The discovery that loss-of-function mutations in the gene DOCK8 are responsible for most forms of autosomal recessive hyper-IgE syndrome and some forms of combined immunodeficiency without elevated serum IgE has led to studies into the immunopathogenesis of this disease. In this review, we relate the clinical features of this disease to studies using patients' cells and a mouse model of Dock8 deficiency, which have revealed how DOCK8 regulates T and B cell numbers and functions. The results of these studies help to explain how the absence of DOCK8 contributes to patients' susceptibility to viral, fungal, and bacterial infections. However, unanswered questions remain regarding how the absence of DOCK8 also leads to high IgE and allergic disease, predisposition for malignancy, and unusual clinical features, such as CNS abnormalities and autoimmunity, observed in some patients.
- [Show abstract] [Hide abstract] ABSTRACT: Knowing the clinical warning signs of immunodeficiency (ID) in adulthood is crucial for early detection of the over 200 forms of primary ID known to date. Many of these congenital diseases with a genetic background already manifest in childhood. Antibody deficiency diseases represent an important exception, with common variable immunodeficiency (CVID) being the most common form of ID. The median age of onset of CVID is 24 years. Unfortunately, the delay in diagnosis is still in excess of 4 years. General practitioners as well as allergists play a particularly important role in early detection. ID patients who present primarily with signs of immune dysregulation pose an even greater diagnostic challenge. Thus, autoimmune cytopenia, inflammatory bowel diseases, or sarcoid-like granulomatous inflammation can be the first manifestation in up to 20 % of ID patients. Secondary forms of ID [e. g., due to long-term corticosteroid treatment, HIV-infection, leukemia, lymphoma, nephrotic syndrome, malabsorption syndrome] need to be differentiated from primary antibody deficiency. Considering the overlap with allergic symptoms [ID accompanied by a susceptibility to eczema, elevated total IgE, blood eosinophilia], the present article discusses, the clinical warning signs of ID, the first diagnostic steps required and the option of further diagnostic work up at specialist centers for complex cases, as well as the treatment options for such cases.0Comments 2Citations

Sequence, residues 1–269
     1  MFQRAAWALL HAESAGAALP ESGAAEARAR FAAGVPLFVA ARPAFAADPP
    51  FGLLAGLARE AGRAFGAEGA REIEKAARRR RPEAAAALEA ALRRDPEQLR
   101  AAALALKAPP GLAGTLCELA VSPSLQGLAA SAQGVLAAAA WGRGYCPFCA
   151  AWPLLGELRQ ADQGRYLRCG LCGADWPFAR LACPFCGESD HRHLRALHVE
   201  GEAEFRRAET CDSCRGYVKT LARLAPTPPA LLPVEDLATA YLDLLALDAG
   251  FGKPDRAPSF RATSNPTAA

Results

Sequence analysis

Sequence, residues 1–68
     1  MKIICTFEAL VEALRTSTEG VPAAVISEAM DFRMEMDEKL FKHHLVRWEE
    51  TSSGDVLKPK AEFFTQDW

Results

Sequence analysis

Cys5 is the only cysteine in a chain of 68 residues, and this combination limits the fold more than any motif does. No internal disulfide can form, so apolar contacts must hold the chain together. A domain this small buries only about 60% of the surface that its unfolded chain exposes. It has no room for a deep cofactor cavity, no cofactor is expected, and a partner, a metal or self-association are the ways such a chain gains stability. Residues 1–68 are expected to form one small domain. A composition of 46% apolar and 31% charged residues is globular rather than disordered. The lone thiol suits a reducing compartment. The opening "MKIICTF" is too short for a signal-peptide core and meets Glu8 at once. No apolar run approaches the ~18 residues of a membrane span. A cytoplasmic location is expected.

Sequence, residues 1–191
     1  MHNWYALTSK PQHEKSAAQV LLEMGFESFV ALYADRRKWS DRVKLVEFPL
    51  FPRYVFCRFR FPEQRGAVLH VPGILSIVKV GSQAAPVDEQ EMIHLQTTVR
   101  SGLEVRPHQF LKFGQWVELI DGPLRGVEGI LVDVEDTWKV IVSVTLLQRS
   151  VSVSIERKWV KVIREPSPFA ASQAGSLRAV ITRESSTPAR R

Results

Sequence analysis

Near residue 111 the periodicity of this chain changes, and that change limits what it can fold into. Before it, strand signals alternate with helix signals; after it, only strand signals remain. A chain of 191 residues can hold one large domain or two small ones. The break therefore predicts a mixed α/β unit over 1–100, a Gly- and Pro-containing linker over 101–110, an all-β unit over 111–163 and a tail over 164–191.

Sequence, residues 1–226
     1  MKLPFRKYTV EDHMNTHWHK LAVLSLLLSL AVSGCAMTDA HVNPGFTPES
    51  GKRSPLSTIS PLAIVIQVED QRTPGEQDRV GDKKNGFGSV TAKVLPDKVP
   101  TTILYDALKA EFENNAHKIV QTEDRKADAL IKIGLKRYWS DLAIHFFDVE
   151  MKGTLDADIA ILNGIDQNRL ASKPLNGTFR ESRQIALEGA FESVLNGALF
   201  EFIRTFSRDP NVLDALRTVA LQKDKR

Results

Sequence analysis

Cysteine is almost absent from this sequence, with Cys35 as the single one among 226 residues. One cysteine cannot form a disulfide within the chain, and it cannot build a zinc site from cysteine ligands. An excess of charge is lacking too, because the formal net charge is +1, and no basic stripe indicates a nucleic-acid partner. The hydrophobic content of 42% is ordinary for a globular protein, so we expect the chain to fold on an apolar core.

- [Show abstract] [Hide abstract] ABSTRACT: Deficiency of dedicator of cytokinesis 8 (DOCK8) is a newly described combined primary immunodeficiency disease. It was found to account for 15% of combined immune deficiency cases in the National Primary Immunodeficiency Disorders Registry in Kuwait, a country with high prevalence of consanguinity. We present the clinical, immunologic and molecular characteristics of 9 Kuwaiti patients with DOCK8 deficiency and discuss differences that distinguish DOCK8 deficiency from atopic dermatitis. Clinical immunologists in areas with high incidence of consanguinity should have a high index of suspicion of DOCK8 deficiency in children with recalcitrant eczema, recurrent non-cutaneous infections and lymphopenia.0Comments 22Citations
- [Show abstract] [Hide abstract] ABSTRACT: We describe seven Turkish children with DOCK8 deficiency who have not been previously reported. Three patients presented with typical features of recurrent or severe cutaneous viral infections, atopic dermatitis, and recurrent respiratory or gastrointestinal tract infections. However, four patients presented with other features. Patient 1-1 featured sclerosing cholangitis and colitis; patient 2-1, granulomatous soft tissue lesion and central nervous system involvement, with primary central nervous system lymphoma found on follow-up; patient 3-1, a fatal metastatic leiomyosarcoma; and patient 4-2 showed no other symptoms initially besides atopic dermatitis. Similar to other previously reported Turkish patients, but in contrast to patients of non-Turkish ethnicity, the patients' lymphopenia was primarily restricted to CD4(+) T cells. Patients had homozygous mutations in DOCK8 that altered splicing, introduced premature terminations, destabilized protein, or involved large deletions within the gene. Genotyping of remaining family members showed that DOCK8 deficiency is a fully penetrant, autosomal recessive disease. In our patients, bone marrow transplantation resulted in rapid improvement followed by disappearance of viral skin lesions, including lesions resembling epidermodysplasia verruciformis, atopic dermatitis, and recurrent infections. Particularly for patients who feature unusual clinical manifestations, immunological testing, in conjunction with genetic testing, can prove invaluable in diagnosing DOCK8 deficiency and providing potentially curative treatment.0Comments 29Citations